April is Parkinson’s Awareness Month, and — in honor of the 1 million people living with Parkinson’s in the United States — I have some knowledge to share and an ask to make of you.
You may know that Ashkenazi Jews can trace their ancestry to just 350 individuals. This heritage has created genetic similarities so acute that, according to scientists, “everyone is a 30th cousin.”
With gene mutations passed from generation to generation, Ashkenazi Jews are more likely to carry genetic variants that increase risk of certain conditions, including Parkinson’s disease. This unique ancestry presents a treasure trove of data for genetic researchers and a powerful opportunity to improve the kind of disease mapping that can speed cures.
I don’t have Parkinson’s myself, but am a daughter, daughter-in-law and sister to individuals diagnosed with the disease — and I know too well the difficulty and frustration that Parkinson’s causes millions of people and their loved ones, especially since the disease has no cure.
Given my family history and Ashkenazi Jewish descent, I wanted to know my genetic status. I learned that I carry mutations in both my LRRK2 and GBA1 genes, which are each associated with increased risk for Parkinson’s. My husband Jay also carries a mutation in the GBA1 gene.
So, we set out to do everything in our power to learn more about Parkinson’s and test therapies to stop its progression. Together, we enrolled in the Parkinson’s Progression Markers Initiative (PPMI), a study sponsored by The Michael J. Fox Foundation, to share our data and bio samples to help scientists learn more about this disease and, most importantly, speed research that may lead to cures.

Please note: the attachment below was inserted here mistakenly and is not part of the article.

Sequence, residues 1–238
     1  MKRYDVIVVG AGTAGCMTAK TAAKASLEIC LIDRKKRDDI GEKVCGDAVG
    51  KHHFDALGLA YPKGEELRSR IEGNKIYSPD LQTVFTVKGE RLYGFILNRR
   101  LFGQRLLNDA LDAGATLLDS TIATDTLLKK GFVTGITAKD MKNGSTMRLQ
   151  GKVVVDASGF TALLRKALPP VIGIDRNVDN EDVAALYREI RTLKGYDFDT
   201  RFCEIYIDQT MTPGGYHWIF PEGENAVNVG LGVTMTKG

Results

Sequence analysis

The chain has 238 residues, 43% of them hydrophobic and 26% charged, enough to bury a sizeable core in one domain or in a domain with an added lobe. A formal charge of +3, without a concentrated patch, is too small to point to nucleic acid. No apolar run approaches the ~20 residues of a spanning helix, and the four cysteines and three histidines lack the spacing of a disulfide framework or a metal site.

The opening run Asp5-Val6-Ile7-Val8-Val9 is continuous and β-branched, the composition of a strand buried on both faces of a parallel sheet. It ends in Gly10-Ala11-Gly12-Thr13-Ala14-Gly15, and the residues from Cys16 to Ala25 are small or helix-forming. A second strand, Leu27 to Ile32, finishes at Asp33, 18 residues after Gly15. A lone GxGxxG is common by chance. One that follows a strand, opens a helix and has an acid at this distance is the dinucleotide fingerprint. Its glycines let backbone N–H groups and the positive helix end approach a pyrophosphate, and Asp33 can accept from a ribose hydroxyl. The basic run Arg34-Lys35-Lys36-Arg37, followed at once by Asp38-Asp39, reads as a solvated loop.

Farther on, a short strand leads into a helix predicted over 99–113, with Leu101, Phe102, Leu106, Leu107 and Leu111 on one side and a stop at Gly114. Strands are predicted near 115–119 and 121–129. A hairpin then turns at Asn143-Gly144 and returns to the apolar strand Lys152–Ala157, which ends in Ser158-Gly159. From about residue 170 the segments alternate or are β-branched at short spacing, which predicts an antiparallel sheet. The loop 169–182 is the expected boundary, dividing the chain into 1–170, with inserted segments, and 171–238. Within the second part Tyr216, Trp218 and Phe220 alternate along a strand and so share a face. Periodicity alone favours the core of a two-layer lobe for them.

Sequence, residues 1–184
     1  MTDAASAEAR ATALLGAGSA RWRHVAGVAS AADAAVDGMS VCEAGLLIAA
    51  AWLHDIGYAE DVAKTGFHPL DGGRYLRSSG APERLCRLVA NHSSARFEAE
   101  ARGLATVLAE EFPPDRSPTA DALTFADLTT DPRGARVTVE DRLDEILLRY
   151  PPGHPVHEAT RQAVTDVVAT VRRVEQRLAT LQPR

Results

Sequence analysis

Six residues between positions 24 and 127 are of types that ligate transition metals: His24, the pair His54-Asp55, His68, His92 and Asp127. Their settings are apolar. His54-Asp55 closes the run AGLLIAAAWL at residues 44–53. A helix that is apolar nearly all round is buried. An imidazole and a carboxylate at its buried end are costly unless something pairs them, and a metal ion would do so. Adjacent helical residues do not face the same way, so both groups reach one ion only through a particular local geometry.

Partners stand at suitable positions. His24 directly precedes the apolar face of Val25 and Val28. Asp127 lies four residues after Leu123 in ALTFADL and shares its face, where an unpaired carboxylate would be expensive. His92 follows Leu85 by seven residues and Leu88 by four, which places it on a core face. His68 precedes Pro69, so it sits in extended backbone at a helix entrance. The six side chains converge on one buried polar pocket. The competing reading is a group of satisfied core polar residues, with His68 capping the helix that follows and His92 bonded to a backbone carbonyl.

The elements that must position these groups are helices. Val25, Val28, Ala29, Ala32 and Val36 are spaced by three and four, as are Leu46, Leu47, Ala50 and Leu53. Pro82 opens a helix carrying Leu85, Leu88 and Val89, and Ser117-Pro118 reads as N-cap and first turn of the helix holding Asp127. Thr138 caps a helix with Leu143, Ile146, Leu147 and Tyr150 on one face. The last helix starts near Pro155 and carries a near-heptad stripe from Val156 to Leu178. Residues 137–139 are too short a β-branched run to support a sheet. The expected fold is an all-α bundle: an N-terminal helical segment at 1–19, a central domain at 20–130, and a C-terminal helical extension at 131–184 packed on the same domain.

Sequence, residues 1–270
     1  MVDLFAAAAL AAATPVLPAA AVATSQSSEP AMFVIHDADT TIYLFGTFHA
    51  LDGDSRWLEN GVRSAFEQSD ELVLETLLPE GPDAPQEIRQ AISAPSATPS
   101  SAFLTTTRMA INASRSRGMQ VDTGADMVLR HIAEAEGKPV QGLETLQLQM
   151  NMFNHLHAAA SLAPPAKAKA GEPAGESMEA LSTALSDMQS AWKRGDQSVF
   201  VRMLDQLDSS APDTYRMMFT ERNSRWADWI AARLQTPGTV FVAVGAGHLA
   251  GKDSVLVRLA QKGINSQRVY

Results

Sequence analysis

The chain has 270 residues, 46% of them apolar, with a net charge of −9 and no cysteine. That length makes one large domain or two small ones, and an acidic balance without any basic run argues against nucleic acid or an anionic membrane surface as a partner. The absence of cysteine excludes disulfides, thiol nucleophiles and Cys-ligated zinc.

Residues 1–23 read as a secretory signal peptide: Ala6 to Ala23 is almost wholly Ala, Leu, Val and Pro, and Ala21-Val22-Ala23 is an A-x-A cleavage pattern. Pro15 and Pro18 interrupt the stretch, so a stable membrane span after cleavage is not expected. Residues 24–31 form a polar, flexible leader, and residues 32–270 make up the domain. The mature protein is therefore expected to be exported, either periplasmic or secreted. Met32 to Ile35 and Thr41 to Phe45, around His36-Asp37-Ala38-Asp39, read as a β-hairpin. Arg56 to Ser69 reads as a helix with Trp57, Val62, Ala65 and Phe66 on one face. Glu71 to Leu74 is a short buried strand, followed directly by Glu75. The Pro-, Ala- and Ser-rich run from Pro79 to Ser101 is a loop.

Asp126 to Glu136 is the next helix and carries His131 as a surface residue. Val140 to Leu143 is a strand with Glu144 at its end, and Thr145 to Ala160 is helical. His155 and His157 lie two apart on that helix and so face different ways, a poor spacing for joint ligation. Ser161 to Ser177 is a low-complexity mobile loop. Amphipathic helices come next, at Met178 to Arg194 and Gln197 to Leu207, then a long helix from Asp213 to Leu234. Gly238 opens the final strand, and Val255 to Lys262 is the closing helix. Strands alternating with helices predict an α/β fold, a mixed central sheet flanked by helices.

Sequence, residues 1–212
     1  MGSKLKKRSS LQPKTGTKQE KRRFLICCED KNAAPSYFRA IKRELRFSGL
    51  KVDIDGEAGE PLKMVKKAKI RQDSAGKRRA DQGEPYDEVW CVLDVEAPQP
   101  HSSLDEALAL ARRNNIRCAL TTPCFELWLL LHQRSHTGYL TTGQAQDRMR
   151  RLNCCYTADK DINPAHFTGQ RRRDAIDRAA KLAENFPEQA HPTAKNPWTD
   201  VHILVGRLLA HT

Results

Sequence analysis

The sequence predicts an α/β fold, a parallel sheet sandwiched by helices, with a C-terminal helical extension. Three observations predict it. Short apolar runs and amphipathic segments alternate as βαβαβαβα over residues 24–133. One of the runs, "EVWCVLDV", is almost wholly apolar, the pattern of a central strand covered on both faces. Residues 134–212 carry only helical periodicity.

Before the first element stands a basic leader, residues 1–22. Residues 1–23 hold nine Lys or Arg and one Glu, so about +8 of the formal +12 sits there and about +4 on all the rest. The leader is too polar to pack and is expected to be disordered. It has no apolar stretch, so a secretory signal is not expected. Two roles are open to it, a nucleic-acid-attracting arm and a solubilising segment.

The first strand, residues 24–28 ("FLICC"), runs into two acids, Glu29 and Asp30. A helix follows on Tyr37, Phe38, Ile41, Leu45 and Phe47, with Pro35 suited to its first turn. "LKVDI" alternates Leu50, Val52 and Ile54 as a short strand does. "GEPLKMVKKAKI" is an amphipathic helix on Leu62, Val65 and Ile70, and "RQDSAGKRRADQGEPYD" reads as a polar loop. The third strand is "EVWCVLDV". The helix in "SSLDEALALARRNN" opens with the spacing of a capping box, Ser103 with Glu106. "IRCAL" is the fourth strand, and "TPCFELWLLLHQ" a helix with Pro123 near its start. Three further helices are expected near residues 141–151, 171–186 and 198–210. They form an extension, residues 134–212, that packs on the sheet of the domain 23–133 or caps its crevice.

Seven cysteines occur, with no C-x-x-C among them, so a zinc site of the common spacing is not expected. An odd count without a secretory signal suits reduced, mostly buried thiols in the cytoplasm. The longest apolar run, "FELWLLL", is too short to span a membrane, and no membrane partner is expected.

PPMI is looking for people of Ashkenazi Jewish descent who themselves have either Parkinson’s or Gaucher’s disease (given a GBA1 connection) or have a first-degree relative who does. PPMI is enrolling people with a mutation in the LRRK2 or GBA1 gene and provides free genetic testing and counseling.
Jay and I support the study by participating in imaging tests and clinical exams. We each contribute bio samples of blood and spinal fluid on an annual basis. We’ve made this commitment because we know the only way we’re going to fight this disease is with knowledge, and this kind of data is our best hope for unlocking the key to new therapies. If we’re not willing to volunteer that data, then nothing is ever going to change. I hope you’ll join us.
To mark Parkinson’s Awareness Month, I invite you to take a short quiz at michaeljfox.org/genetics or call 888-830-6299 to learn more about the PPMI study.
Dr. Barbara Robinson is an obstetrician-gynecologist who lives outside Chicago.